When was the last time you took a step back and evaluated how content you’re feeling with life in general? Often, when problems present themselves they do so in certain areas of our life - maybe we’re struggling in our career or our health is worrying us. Whatever the problems are, they can build slowly, knocking us off balance and having a profound impact on our well-being.
Taking a moment to pull back and look at your life as a whole can help you identify which areas need attention to bring you back into balance. This is what the wheel of life tool is used for.
What is the wheel of life tool?
Plotting each area of our life like spokes on a wheel, the wheel of life tool is a visual representation of how happy we are with certain areas of our life. Connecting the dots to form a circle helps us see quickly and easily where we’ve lost balance and which areas need work.
The original concept of the wheel of life was created by the late Paul J Meyer, who founded the Success Motivation Institute® in 1960. Today different variations of the wheel are used by coaches and those in the personal development space.
This is the great thing about the wheel - it’s versatility. You can pick whatever areas of your life are most important to you and even go deeper with separate wheels for different areas. For example, if you’ve noted that your family life needs attention, you could create a dedicated family wheel to help you drill down further.
How to use the wheel of life tool
If you’re ready to take a bird’s eye view of your life, please download our wheel of life worksheet and follow these instructions:
Pick your life areas
We’ve left our worksheet blank so you can choose which areas you want to look at in your life. Need a little inspiration? Here are some categories you may want to include:
These are just some ideas, pick the areas that feel most relevant to you right now. Once you’ve picked these, name each spoke.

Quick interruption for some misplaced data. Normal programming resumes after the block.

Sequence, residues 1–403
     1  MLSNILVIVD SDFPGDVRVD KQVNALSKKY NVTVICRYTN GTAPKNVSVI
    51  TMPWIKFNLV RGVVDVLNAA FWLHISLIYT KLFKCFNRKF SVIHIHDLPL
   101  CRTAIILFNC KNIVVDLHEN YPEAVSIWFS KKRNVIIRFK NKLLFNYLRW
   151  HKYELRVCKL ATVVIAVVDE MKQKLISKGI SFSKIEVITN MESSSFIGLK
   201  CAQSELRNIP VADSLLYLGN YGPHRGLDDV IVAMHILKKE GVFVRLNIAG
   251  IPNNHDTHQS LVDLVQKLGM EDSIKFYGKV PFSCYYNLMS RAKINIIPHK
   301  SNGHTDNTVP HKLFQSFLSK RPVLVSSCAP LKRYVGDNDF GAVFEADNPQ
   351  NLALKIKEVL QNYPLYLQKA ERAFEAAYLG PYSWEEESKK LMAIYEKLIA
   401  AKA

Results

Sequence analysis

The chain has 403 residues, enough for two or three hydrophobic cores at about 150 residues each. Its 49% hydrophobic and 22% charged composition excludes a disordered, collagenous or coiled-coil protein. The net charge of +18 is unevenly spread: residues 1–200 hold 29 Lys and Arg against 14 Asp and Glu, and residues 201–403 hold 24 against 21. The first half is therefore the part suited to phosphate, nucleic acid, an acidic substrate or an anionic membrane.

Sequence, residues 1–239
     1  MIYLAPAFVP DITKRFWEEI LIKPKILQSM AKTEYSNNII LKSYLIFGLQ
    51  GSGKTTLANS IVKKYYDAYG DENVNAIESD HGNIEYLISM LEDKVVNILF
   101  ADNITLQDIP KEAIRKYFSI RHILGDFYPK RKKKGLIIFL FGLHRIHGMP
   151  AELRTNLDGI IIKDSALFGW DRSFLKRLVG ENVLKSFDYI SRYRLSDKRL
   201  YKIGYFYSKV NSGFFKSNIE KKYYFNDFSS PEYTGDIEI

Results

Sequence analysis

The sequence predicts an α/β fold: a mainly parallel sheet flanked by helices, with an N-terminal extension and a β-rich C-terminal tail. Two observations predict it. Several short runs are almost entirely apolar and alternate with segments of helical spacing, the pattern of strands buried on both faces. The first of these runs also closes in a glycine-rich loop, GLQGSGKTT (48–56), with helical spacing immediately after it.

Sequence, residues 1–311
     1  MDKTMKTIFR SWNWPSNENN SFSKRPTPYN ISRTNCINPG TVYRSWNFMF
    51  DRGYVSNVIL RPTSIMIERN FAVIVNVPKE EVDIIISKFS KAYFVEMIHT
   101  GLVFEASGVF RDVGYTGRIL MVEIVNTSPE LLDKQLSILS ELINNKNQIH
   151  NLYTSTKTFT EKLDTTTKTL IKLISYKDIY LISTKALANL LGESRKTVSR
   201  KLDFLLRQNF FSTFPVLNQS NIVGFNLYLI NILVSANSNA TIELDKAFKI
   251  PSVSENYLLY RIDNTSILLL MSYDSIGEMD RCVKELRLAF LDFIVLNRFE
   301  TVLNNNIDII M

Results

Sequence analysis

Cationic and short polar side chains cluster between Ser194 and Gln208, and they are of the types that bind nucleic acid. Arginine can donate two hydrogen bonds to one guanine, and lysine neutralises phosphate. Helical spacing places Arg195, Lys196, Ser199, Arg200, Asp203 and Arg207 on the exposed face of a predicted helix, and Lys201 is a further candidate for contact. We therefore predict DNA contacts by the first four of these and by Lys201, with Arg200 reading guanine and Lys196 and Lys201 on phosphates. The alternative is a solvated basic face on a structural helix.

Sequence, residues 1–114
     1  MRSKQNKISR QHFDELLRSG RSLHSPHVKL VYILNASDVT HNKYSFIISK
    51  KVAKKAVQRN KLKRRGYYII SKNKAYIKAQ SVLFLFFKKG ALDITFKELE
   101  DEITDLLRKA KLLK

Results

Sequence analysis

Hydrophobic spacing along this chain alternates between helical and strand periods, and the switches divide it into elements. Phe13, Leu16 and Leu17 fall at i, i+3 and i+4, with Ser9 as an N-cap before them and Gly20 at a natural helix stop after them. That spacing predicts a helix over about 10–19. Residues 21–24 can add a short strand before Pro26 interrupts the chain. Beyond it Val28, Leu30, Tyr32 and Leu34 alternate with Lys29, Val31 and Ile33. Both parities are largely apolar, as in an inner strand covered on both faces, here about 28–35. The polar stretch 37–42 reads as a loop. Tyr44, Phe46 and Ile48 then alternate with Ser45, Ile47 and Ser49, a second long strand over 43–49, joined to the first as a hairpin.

Assess your life areas
Now is the time to rate each area of your life on a scale from 0-10. If everything in that area is perfect and you’re happy with it, it’s a 10, if there’s work needed, it’ll score lower. Take time with this step and consider how much attention you’re currently giving each area. Mark your scores on each spoke with a dot or cross.
Connect the dots
Simply connect the dots to form your circle. How does it look? Can you see where your balance may be off?
Consider your ideal score for each area
While many of us may want to achieve a perfect score of 10 in each area, this is unrealistic and will likely only make us feel worse about ourselves as we pursue an impossibility. Instead we would encourage you to think about what an ‘ideal’ score would be for each area.
Consider your circumstances, what time and resources you have available and which areas you really want to focus on. What would it look like for them to be at an ideal score? Remember, you can return to this tool time and time again - it’s OK for priorities to change.
Set out your next steps
Now you know which areas need attention and what your ideal score for those areas would be. It’s time to create an action plan to make this happen. Ask yourself how you can prioritise these areas, what steps can you take to gently lift these scores and feel more balanced?
How coaching complements this work
The wheel of life tool is used by coaches to help clients uncover what they truly need to feel balanced and content. Once they’ve used the tool and identified areas to work on, the coach can offer some much welcomed support, guidance and accountability.
Figuring out what steps you need to take to bring yourself back into balance can be tough. Having someone objective like a coach to talk to can help you uncover what’s achievable for you and what would make the most impact.
A coach can also support you with setting goals that will lead to real change. With regular sessions, coaching keeps you accountable to your actions, giving you the motivation you need to follow through and keep going.
This tool can be used any time you’re feeling off-balance, we recommend checking in regularly to see what tweaks can be made.